The Ancient Battle Of Thermopylae Essay

The Ancient Battle Of Thermopylae Essay

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Battle Analysis
SSG Briceida Casas
Senior Leader Course 16-006
SFC Chase Tippets

The ancient battle of Thermopylae has been retold numerous times and famously depicted on screen as a heroic and tragic Greek battle. The legendary Spartan King, Leonidas and his 300 formidable royal body guards led a coalition of Greek warriors against a much larger opponent, the Persian King Xerxes. Against the odds, the Greeks stood their ground and deterred Xerxes Army for 3 days at the Thermopylae pass, known as the Hot Gates. Xerxes might have won a tactical battle, however, the Spartans proved that superior training, equipment, and intimate familiarity with the terrain were critical force multipliers. The Spartan power, will and perseverance came from an undying sense of patriotism and duty. 300 Spartans and countless Greeks may have lost their lives at the Thermopylae pass but their courage rallied the Greek states to fight and prevail against a tyrant. The in-depth preparation, tactical expertise, the loyalty and courage these warriors displayed are the defining factors that made this battle a strategic win for the Greeks.
Persia, under King Darius’ rule expanded its level of influence into Western Europe with hopes of conquering Athens, Greece between 522-486 B.C. Attempting to, “quell once and for all a collection of potentially troublesome rebel states,” Darius desire to conquer Greece would ultimately lead to one of the most influential battles of ancient history. (Cartwright, 2013) Upon Darius’ death in 486 B.C., Xerxes became King of the Persian Empire and relentlessly focused his efforts to mobilize his army and conquer Greece.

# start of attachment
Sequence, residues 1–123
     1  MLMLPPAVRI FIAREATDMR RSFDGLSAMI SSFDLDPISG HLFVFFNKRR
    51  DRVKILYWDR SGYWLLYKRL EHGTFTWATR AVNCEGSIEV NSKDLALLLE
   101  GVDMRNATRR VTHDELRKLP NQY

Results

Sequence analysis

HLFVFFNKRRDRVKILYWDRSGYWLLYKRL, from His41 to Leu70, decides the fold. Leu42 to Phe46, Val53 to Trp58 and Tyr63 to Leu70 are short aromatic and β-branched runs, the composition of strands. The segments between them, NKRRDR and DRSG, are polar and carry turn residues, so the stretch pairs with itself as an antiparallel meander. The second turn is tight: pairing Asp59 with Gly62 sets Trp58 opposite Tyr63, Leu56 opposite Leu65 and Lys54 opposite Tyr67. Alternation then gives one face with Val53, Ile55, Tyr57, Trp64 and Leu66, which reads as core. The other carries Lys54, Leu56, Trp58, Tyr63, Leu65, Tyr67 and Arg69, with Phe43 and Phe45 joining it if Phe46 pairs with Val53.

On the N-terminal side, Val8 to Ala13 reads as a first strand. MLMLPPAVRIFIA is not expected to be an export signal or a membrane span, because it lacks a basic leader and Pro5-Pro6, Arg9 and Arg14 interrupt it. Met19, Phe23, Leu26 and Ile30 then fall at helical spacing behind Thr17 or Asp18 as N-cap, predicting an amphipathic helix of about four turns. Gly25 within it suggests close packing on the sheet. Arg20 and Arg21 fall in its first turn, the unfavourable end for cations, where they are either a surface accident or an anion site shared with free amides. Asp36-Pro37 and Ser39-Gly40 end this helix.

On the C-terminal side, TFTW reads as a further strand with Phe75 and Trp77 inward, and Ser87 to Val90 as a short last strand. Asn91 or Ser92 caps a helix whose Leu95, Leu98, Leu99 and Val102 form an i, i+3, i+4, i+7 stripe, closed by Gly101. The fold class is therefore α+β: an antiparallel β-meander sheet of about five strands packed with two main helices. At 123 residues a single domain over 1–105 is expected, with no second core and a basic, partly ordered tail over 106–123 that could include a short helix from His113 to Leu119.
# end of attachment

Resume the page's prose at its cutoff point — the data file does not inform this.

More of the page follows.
Unwilling to submit to Xerxes, the Spartan King, Leoni...

... middle of paper ...

...Force did not guarantee loyalty to the Persian King. The Persian army was not prepared nor willing to die for their King’s fixation, while the Greeks were enthusiastic to fight and die for the protection and freedom of their nation state.
Leonidas handpicked the elite 300 Spartans who would follow him to battle. This calculated “selection of an all-fathers unit of Spartans might similarly have served a psychological purpose” increasing the motivation and morale of the Spartan his warriors (Strauss, 2006). Throughout the battle, Spartans made effective use of the small pass, coupled with a man-made wall, to efficiently restrain the invading Persian army. Unable to navigate a large offensive assault force, the Persian assault was initially rendered ineffective. Limited to close quarter combat, the Persians were no match for the Spartans tactical combat superiority.

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